• A43B5/001Golf shoes
    • AHUMAN NECESSITIES
    • A43FOOTWEAR
    • A43CFASTENINGS OR ATTACHMENTS OF FOOTWEAR; LACES IN GENERAL
    • A43C15/00Non-skid devices or attachments
    • A43C15/16Studs or cleats for football or like boots
    • A43C15/161Studs or cleats for football or like boots characterised by the attachment to the sole
    • AHUMAN NECESSITIES
    • A43FOOTWEAR
    • A43CFASTENINGS OR ATTACHMENTS OF FOOTWEAR; LACES IN GENERAL
    • A43C15/00Non-skid devices or attachments
    • A43C15/16Studs or cleats for football or like boots
    • A43C15/162Studs or cleats for football or like boots characterised by the shape

Abstract

The invention relates to a cleat (1) for a shoe, especially for a golf shoe, which cleat can be attached to the bottom side (2) of a sole (3). To improve the grip of the shoe at the ground especially when playing golf the invention is characterized in that the cleat (1) has a cleat base body (4) which can be connected with the sole (3) and that at least one extension (5) is arranged at the cleat base body (4) which extends to the ground, wherein the vertical projected area (AF) of the end of the extension (5) which is facing the ground is arranged at least partially, preferably completely, outside of the vertical projected area (AG) of the cleat base body (4). Furthermore, the invention relates to a shoe sole with such a cleat as well as to a shoe.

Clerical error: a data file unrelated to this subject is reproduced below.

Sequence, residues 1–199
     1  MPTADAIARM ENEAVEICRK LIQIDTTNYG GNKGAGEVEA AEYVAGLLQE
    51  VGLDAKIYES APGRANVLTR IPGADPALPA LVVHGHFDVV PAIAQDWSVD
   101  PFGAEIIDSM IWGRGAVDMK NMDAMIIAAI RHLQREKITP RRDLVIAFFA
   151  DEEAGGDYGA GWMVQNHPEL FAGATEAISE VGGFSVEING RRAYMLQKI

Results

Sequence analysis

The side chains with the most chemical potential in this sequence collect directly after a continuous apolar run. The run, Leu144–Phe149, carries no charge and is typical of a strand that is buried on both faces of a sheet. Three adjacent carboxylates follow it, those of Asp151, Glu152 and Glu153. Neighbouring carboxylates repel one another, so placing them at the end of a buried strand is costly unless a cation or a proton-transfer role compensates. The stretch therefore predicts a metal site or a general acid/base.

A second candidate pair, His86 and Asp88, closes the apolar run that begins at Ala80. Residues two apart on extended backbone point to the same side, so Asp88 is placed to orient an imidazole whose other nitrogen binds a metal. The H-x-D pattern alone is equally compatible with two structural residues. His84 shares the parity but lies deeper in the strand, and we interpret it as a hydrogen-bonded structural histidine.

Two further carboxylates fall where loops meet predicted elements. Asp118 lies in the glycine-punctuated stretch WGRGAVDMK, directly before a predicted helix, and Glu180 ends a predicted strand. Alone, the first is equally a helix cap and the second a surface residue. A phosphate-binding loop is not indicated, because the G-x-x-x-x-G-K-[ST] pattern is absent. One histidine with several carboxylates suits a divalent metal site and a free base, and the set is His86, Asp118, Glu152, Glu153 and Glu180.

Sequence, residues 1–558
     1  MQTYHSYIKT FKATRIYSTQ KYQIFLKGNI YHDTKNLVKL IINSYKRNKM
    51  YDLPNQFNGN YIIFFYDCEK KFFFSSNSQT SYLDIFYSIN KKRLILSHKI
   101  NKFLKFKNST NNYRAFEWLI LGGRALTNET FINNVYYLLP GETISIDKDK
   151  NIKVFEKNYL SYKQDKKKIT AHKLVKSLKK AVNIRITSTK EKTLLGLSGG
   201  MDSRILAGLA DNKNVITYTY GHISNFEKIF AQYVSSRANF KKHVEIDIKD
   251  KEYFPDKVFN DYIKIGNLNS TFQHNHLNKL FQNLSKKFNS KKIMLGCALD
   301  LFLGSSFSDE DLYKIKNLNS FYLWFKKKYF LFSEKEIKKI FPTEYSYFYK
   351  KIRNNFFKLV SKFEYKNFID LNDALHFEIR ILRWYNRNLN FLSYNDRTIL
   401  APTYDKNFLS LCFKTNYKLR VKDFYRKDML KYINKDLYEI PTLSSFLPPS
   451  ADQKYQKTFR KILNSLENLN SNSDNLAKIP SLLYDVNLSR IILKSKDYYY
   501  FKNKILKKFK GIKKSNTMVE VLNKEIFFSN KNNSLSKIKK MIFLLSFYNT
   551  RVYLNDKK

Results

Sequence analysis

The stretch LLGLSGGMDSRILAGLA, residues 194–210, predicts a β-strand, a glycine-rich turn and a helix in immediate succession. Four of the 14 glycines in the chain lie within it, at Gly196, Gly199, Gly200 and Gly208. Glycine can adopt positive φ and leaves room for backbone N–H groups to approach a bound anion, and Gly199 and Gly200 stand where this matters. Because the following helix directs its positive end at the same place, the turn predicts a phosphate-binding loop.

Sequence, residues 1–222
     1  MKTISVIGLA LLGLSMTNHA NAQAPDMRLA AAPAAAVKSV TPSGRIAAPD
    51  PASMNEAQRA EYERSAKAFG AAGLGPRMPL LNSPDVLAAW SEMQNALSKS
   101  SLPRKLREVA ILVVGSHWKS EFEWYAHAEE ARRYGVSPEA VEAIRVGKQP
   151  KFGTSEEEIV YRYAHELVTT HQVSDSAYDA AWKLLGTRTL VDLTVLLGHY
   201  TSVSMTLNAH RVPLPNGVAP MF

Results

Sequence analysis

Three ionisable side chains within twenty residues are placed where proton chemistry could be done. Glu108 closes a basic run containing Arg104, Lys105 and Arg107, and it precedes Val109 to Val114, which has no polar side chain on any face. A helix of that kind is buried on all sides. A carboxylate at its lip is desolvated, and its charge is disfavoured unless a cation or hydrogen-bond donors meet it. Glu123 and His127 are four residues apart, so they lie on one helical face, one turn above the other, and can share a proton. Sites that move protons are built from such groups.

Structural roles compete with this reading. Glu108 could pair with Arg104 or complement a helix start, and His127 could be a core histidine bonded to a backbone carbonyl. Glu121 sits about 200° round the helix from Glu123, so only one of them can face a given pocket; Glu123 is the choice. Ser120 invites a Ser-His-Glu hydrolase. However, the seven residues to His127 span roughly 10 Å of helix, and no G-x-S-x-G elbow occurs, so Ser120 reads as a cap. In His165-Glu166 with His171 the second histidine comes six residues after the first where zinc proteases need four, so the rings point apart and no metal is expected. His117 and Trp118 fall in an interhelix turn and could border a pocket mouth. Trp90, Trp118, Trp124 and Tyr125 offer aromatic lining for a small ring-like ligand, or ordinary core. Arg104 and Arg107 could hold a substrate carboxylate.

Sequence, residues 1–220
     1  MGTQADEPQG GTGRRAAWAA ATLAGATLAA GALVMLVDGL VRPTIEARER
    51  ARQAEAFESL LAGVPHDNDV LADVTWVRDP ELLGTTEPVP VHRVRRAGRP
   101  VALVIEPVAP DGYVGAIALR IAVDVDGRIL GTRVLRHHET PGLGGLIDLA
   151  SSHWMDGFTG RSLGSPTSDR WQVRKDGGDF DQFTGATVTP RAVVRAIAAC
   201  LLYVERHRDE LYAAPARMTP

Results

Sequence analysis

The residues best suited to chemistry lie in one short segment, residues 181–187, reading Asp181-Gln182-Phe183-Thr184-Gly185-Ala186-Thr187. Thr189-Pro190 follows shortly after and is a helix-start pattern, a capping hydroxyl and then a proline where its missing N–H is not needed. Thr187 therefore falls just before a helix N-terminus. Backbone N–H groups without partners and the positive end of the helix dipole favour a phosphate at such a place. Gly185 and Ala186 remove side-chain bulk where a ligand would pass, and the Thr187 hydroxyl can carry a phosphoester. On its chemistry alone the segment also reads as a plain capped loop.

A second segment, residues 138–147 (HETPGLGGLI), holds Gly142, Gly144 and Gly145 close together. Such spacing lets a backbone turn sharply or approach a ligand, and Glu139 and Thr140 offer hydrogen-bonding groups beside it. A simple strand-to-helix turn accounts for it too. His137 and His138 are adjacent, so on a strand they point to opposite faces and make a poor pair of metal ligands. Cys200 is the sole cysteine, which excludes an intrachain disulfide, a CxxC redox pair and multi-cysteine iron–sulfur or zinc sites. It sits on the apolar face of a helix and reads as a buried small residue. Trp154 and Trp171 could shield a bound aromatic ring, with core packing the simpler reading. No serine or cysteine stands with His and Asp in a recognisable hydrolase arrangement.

Description

  • The invention relates to a cleat for a shoe, especially for a golf shoe, which cleat can be attached to the bottom side of a sole. Furthermore, the invention relates to a shoe sole with such a cleat as well as to a shoe with such a sole.
  • Shoes having cleats are well known in the state of the art. Here, not only cleats which are rotationally symmetric are used which is the usual application. Also, the cleats which are fixed at the bottom side of a shoe sole can have asymmetric forms.
  • WO 00/15068 A1 shows cleats which are anchored at the bottom side of a shoe sole, wherein the cleats are substantially triangular in a vertical projection, amongst others. FR 2 818 876 A1 shows cleats having an elongated shape.
  • Here, the cleats extend mostly in vertical direction with their longitudinal axis, i. e. perpendicular to the surface of the sole.